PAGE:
Taxis (also called cabs) are a convenient way to get from place to place in the city. Surprisingly, they can be an affordable option when you have a group of people moving around together. They also offer the added convenience of avoiding waiting and bringing you right to your destination.
Hailing a New York City Taxi
Hailing a cab is as simple as stepping off the curb and holding out your arm—it only gets complicated when you need to figure out why many New York taxis seem to drive by without stopping for you.
The trick is in the lights atop the cab.
- When just the center is lit, highlighting the medallion number, the cab is available.
- When the medallion number, as well as the side lamps are lit, the cab is off-duty.
- When no lights are lit, the cab already has a fare they are bringing to a destination.
New York City Taxi Passenger Limits
- A maximum of four passengers can ride in traditional cabs, there are also some five passenger cabs that look more like minivans.
- A child under 7 is allowed to sits on a passenger's lap in the rear seat in addition to the passenger limit.
- A passenger is allowed to sit in the front seat with the driver when passengers have filled the rear or in the case of a passenger who cannot get into the rear of the cab.
What You Should Know About New York City Taxis
- It is always more difficult to get a cab when it's raining—so sometimes it can be quicker (and you'll even get less drenched) if you head to the subway.
- Riders are entitled to make multiple stops in a single cab ride, though the meter will continue to run throughout the trip and payment will be required at the end of the trip. There is no limit to the number of stops you can request.
- New York City is unique in the fact that you cannot pre-arrange a pickup by a New York taxi. If you want to call for a ride (rather than hail a cab) you will need to contact a New York City car service.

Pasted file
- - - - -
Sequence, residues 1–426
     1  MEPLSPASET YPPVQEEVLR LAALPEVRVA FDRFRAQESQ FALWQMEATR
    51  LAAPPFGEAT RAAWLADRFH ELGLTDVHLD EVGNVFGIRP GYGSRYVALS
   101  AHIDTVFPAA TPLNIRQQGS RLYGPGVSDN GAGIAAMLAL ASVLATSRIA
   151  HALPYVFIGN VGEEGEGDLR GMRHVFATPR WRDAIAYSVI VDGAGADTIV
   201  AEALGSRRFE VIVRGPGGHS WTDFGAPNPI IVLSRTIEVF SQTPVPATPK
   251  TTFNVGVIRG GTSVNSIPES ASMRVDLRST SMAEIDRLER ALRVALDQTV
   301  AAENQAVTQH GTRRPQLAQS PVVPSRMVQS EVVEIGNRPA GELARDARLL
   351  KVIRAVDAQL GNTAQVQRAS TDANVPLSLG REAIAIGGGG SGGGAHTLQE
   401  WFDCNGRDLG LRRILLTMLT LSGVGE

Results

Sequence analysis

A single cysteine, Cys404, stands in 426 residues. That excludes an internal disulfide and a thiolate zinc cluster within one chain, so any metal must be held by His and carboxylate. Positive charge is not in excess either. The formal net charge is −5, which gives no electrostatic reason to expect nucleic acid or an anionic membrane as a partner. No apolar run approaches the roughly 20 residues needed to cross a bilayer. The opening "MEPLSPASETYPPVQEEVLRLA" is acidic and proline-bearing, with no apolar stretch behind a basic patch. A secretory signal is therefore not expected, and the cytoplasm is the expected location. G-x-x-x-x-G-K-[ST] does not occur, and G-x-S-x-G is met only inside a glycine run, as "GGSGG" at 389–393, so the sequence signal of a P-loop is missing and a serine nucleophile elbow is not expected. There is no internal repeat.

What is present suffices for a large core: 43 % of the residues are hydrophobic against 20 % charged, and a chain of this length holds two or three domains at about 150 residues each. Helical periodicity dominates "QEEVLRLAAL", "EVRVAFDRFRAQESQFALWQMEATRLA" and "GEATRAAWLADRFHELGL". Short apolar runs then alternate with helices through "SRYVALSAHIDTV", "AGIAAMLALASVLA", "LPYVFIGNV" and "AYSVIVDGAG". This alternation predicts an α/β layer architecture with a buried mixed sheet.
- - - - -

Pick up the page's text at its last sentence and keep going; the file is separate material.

New York Taxi Fares
- Minimum taxi fare is $2.50.
- Additional charges are $0.50 per 1/5 of a mile (at or above 6 mph) or for 2 minutes of time stopped or traveling below 6 mph.
- The night-time surcharge is $0.50 for rides beginning from 8 p.m. until 6 a.m.
- The peak hour weekday surcharge is $1.00 and is charged for rides from 4 to 8 p.m. weekdays.
- There is a $0.50 New York State tax surcharge.
- There is no additional charge for luggage and no per passenger surcharge.
- Any tolls during the ride are the responsibility of the passenger in addition to the metered fare.
- If the driver uses E-ZPass to pay the fare (transponder on the front windshield) the passenger pays the reduced E-ZPass fare.
- Flat fares from JFK to Manhattan are $52: there is no night surcharge and the meter does not need to be run.
- There is a $17.50 surcharge for fares to Newark Airport, in addition to return tolls.
- New York taxis accept payment by cash or credit card.
New York Taxi Rider's Bill of Rights
- As a taxi rider, you have the right to:
- Direct the destination and route used;
- Travel to any destination in the five boroughs of the City of New York;
- A courteous, English-speaking driver who knows the streets in Manhattan and the way to major destinations in other boroughs;
- A driver who knows and obeys all traffic laws;
- Air-conditioning on demand;
- A radio-free (silent) trip;
- Smoke and incense-free air;
- A clean passenger seat area;
- A clean trunk
- A driver who uses the horn only when necessary to warn of danger; and
- Refuse to tip, if the above are not complied with.
New York Taxi Complaints
If you ever have any problems with a New York Taxi, call 311 or file a complaint online. New York taxi drivers are required to take you to any destination in the five boroughs. You might occasionally experience drivers who don't want to take you to destinations in Queens or Brooklyn, but you can probably get them to change their minds if you start to write down down their medallion number and call 311 on your cell phone.